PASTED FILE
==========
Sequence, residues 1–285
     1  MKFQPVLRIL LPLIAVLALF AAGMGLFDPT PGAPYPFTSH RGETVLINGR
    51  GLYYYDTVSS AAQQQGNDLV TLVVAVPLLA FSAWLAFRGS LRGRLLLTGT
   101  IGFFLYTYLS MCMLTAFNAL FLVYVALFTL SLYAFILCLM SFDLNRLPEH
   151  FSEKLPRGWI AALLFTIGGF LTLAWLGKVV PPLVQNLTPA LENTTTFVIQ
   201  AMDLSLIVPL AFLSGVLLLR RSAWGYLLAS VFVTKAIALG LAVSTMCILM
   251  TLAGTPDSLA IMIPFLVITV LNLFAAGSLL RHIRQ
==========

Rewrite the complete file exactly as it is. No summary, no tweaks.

Sequence, residues 1–285
     1  MKFQPVLRIL LPLIAVLALF AAGMGLFDPT PGAPYPFTSH RGETVLINGR
    51  GLYYYDTVSS AAQQQGNDLV TLVVAVPLLA FSAWLAFRGS LRGRLLLTGT
   101  IGFFLYTYLS MCMLTAFNAL FLVYVALFTL SLYAFILCLM SFDLNRLPEH
   151  FSEKLPRGWI AALLFTIGGF LTLAWLGKVV PPLVQNLTPA LENTTTFVIQ
   201  AMDLSLIVPL AFLSGVLLLR RSAWGYLLAS VFVTKAIALG LAVSTMCILM
   251  TLAGTPDSLA IMIPFLVITV LNLFAAGSLL RHIRQ